It’s not that hard to figure out and the TV show is the easiest to explain. The Green Arrow character gets a TV series in 2012 because comic book movies are getting hot, and arrows don’t require a huge special effects budget, unlike a show centered around 95 percent of other superheroes. Black Canary is a huge, huge part of the character’s mythos and thus gets added; Black Canary is so fundamental that when castmember Katie Cassidy leaves, a new Canary is chosen, and when Cassidy comes back the show just decides to have two of them, because Black Canary rules. The Wonder Woman and Captain Marvel movies prove female superheroes are valid money makers, so when Arrow ends and a spinoff is proposed, it’s obvious that the show’s Black Canaries are worthy of headlining their own series. Keeping a Green Arrow in the mix helps serve as a throughline for OG Arrow fans to connect with and get interested in the new show. Easy peasy.
The movie timeline is a bit more complicated, so bear with me. Marvel superhero movies are hot as hell in the early 2010s and Warner Bros. is scrambling to catch up. The execs greenlight Suicide Squad as a movie that won’t interfere with their big potential tentpole franchises while they figure out what to do with them. While WB keeps announcing random films, very few of which will ever get made, Robbie’s Harley Quinn is obviously the Suicide Squad movie’s saving grace, and WB figures a solo film starring the character is as safe a bet as they’re going to get. Apparently, Robbie pushed very hard to make a movie where Harley could be part of an all-girl gang, and the Birds of Prey were the obvious choice—although the cynic in me finds it preposterously unlikely Birds of Prey would have been greenlit without the success of Wonder Woman and Captain Marvel.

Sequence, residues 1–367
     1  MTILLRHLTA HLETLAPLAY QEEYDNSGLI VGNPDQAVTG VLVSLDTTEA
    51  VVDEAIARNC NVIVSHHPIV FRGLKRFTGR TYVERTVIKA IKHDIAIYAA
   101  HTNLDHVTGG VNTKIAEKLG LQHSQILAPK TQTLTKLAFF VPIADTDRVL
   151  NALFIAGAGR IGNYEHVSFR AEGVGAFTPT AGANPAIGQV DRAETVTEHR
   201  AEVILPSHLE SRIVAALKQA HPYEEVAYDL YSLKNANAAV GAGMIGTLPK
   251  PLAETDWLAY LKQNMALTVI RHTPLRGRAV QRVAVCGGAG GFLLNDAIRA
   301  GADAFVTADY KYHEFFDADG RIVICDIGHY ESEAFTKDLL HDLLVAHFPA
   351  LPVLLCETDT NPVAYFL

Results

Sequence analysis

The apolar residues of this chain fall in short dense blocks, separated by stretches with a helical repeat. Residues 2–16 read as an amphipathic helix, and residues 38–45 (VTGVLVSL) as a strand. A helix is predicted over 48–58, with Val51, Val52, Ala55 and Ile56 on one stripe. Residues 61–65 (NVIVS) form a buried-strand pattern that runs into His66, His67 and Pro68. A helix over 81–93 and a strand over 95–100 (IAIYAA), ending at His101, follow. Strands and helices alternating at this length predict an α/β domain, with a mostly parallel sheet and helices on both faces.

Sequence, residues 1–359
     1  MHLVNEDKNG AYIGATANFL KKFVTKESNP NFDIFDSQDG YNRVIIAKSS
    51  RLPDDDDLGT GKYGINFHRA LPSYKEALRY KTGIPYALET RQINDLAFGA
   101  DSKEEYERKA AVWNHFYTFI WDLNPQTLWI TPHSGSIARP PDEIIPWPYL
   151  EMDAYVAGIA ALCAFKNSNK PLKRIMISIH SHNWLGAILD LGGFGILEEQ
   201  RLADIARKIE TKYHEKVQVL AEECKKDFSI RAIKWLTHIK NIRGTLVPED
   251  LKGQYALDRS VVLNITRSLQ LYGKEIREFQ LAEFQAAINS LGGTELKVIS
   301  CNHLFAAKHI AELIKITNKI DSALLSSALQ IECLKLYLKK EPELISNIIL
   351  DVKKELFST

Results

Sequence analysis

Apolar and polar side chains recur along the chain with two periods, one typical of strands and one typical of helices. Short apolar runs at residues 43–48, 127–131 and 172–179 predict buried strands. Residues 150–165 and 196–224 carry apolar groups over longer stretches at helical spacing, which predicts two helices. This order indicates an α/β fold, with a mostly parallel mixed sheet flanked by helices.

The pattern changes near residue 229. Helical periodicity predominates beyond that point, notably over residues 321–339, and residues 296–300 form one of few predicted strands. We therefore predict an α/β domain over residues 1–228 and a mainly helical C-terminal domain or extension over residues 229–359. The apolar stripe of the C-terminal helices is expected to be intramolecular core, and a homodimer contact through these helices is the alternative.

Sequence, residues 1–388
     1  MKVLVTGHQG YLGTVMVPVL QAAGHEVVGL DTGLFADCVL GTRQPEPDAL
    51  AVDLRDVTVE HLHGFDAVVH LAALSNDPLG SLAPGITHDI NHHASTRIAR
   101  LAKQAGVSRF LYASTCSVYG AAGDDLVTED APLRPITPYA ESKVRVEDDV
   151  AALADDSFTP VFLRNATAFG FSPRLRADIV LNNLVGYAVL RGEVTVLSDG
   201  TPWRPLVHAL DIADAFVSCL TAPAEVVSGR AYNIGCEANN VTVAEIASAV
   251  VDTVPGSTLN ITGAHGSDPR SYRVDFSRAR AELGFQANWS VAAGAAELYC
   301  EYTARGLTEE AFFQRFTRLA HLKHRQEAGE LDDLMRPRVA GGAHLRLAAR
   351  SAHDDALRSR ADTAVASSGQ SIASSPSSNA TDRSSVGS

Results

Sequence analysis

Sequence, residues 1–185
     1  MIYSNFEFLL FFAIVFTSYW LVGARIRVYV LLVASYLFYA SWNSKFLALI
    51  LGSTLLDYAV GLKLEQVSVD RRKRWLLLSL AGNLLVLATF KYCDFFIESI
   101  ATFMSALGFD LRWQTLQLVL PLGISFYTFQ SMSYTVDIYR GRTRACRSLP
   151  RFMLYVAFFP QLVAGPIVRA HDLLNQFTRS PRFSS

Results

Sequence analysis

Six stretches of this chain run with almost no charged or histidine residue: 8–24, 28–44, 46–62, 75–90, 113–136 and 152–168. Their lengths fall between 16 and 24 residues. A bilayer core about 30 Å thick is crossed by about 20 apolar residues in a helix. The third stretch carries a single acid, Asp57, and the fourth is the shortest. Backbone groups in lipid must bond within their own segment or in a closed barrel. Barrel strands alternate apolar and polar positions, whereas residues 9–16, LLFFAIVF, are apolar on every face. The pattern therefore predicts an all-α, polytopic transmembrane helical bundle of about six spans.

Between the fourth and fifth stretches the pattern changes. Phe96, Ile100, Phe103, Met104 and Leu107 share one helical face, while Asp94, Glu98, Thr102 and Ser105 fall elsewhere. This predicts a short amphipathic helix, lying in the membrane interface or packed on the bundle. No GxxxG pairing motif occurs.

But that’s how that works, and however we got here, we’re about to get the Huntress (Mary Elizabeth Winstead) and Black Canary (Jurnee Smollett-Bell) on the big screen. Batgirl, alas, is undoubtedly being held up until WB execs see how Robert Pattinson’s Batman movie does—although Birds of Prey screenwriter Christina Hodson is working on a script—so they can figure out how to proceed with all Bat-things from there. But besides Huntress and Black Canary, the movie birds do include Gotham City police detective Renee Montoya (Rosie Perez) and Cassandra Cain (Ella Jay Basco), a character who was actually running around as Batgirl during those first Birds of Prey comics. The comics Cassandra was mute, assassin-trained, and a mega-martial artist, while based on the trailers, the movie Cassandra can talk but not fight, and is more of a pickpocket than she is an international assassin. The Birds and Harley come together to protect her after Cass steals something from the movie’s main villain, Black Mask (Ewan McGregor). But technically, it still stars a Batgirl! Kinda!
And honestly, there’s something still kind of heartening about Hollywood trying greedily to get our hard-earned money by giving us films with female super-teams, because at least it means it’s finally figured out that yes, we want this. It took some time and a strange, meandering path to get here, but here we are. And the Birds of Prey are finally ready to soar.